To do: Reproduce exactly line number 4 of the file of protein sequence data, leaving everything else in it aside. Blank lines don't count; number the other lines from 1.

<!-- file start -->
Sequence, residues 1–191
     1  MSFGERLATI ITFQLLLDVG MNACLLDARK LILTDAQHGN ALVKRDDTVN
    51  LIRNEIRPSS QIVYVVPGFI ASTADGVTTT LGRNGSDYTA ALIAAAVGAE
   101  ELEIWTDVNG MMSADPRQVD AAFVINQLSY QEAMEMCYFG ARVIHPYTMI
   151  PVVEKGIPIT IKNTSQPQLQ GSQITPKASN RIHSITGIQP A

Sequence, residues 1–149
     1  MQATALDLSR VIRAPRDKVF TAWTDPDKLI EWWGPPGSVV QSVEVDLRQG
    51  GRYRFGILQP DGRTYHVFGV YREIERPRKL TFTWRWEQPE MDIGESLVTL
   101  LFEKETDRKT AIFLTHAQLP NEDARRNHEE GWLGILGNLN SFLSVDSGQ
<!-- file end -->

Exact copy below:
   101  ELEIWTDVNG MMSADPRQVD AAFVINQLSY QEAMEMCYFG ARVIHPYTMI